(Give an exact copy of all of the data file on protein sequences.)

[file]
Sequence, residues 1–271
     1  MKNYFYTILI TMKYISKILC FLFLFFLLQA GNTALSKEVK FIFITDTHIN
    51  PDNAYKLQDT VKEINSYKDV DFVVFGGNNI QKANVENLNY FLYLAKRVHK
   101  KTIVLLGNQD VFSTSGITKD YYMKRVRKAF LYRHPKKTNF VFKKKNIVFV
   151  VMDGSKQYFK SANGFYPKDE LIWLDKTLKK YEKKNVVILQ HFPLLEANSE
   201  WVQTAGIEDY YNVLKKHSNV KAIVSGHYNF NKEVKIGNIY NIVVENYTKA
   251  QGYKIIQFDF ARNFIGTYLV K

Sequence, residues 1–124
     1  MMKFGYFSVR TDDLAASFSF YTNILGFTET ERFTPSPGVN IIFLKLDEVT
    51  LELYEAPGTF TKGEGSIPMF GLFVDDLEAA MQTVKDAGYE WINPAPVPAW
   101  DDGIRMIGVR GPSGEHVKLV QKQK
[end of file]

Sequence, residues 1–271
     1  MKNYFYTILI TMKYISKILC FLFLFFLLQA GNTALSKEVK FIFITDTHIN
    51  PDNAYKLQDT VKEINSYKDV DFVVFGGNNI QKANVENLNY FLYLAKRVHK
   101  KTIVLLGNQD VFSTSGITKD YYMKRVRKAF LYRHPKKTNF VFKKKNIVFV
   151  VMDGSKQYFK SANGFYPKDE LIWLDKTLKK YEKKNVVILQ HFPLLEANSE
   201  WVQTAGIEDY YNVLKKHSNV KAIVSGHYNF NKEVKIGNIY NIVVENYTKA
   251  QGYKIIQFDF ARNFIGTYLV K

Sequence, residues 1–124
     1  MMKFGYFSVR TDDLAASFSF YTNILGFTET ERFTPSPGVN IIFLKLDEVT
    51  LELYEAPGTF TKGEGSIPMF GLFVDDLEAA MQTVKDAGYE WINPAPVPAW
   101  DDGIRMIGVR GPSGEHVKLV QKQK